Kenneth Riser appeals his conviction for possession of drugs by an inmate.
As his sole enumeration of error, Riser contends that the trial court erred in holding that he was afforded effective assistance of counsel. In support of his argument, Riser cites several instances in the record where his trial counsel failed to object to the testimony of various witnesses concerning their knowledge of Riser's involvement with drugs and gambling while in prison, evidence which Riser alleges impermissibly placed his character in issue. For example, one prison official testified that he had received information that Riser was "involved in some drug trafficking," that he received information that inmates Rambo and Kirk were selling marijuana for Riser, and that Riser's "institutional file is ten volumes thick," although he also testified that he did not recall ever writing Riser up for drug possession. Another prison official testified that Riser "likes to run the parlays" and was involved in gambling, although he also testified that during the year prior to the incident at issue, he did not recall any previous instances in which drugs were found in Riser's cell. The prison warden testified that Riser was involved in "just about every illegal activity at the institution," although he was not caught with drugs until this occasion. In addition, one of the informants responsible for the search, Edward Davis, testified that Riser was "selling drugs" and "did a lot of gambling."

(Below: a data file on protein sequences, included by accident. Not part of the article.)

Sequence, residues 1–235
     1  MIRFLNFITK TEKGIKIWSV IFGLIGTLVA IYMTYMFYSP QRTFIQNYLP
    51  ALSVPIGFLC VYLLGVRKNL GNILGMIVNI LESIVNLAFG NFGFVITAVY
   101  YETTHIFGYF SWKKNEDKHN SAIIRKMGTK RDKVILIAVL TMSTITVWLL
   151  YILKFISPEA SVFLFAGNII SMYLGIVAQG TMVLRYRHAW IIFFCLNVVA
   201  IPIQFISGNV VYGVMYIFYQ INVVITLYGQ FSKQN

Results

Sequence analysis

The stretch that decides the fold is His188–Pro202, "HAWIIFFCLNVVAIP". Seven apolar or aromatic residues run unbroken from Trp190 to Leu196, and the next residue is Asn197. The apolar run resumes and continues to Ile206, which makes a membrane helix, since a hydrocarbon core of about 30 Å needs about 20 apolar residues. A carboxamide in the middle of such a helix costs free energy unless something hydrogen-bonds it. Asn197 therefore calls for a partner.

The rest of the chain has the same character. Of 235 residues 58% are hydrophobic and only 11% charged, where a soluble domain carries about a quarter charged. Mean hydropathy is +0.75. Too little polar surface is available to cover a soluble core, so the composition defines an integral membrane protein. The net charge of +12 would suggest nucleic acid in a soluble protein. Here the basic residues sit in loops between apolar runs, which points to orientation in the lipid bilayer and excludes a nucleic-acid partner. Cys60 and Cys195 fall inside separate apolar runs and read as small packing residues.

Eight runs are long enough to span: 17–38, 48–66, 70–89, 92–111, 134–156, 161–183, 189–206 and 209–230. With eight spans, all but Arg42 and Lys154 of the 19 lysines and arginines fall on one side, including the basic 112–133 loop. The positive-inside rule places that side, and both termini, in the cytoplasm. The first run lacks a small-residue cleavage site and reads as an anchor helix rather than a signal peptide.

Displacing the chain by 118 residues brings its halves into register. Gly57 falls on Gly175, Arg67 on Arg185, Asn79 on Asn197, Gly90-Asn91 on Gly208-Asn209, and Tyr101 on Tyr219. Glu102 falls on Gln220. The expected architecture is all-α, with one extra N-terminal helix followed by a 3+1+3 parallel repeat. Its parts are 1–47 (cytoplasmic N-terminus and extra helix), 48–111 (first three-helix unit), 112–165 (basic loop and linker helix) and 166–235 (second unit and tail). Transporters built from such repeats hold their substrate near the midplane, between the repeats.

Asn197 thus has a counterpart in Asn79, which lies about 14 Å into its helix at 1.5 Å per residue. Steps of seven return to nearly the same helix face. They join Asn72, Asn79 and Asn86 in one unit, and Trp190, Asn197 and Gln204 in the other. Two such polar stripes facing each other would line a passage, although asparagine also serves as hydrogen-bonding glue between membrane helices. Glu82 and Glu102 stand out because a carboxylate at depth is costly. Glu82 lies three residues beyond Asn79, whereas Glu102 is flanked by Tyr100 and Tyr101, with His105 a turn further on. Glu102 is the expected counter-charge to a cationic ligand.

"In order to prevail on an ineffectiveness claim, a convicted defendant must show (1) that counsel's performance was deficient, i.e., that counsel's performance was not reasonable under all the circumstances, and (2) that this deficient performance prejudiced the defense, i.e., that there is a reasonable probability that, but for counsel's unprofessional errors, the result of the proceeding would have been different. . . . The complaining defendant must make both showings." (Punctuation omitted.) Moody v. State, 206 Ga. App. 387
, 388 (425 SE2d 397
) (1992). Furthermore, "[a] trial court's finding that a defendant has been afforded effective assistance of counsel must be upheld unless that finding is clearly erroneous." Id. at 390. No clear error was shown in the instant case.
"A decision on whether or not to place a defendant's character in issue is a matter of trial tactics and does not equate with ineffective assistance of counsel." Lowery v. State, 212 Ga. App. 870
, 872 (443 SE2d 304
) (1994). The defense tried to establish reasonable doubt by suggesting that inmate Rambo conspired with prison officials to frame Riser. Given this defense, it was not clearly erroneous for the trial court to conclude that Riser's trial counsel's failure to object to the testimony at issue did not amount to a deficient performance because such testimony helped establish a possible motive for the alleged frame-up, i.e., Riser was thought to be a troublemaker and drug dealer who had managed to avoid being caught. In addition, the testimony concerning Riser's illegal activities at prison also implicated Rambo, suggesting a plausible explanation as to why Rambo would agree to frame Riser, i.e., Rambo may have expected, or was promised, leniency for his own illegal activities. 1
Although Riser's trial counsel admits that she now thinks she erred in failing to object to some of the testimony at issue, she also admits that it was a toss-up call. "A defendant's right to effective assistance of counsel does not guarantee errorless counsel or counsel judged ineffective by hindsight but counsel . . . likely to render and rendering reasonably effective assistance." Moody, supra at 390. Accordingly, the trial court's finding that Riser's trial counsel's failure to object was part of a reasonable trial strategy was not clearly erroneous.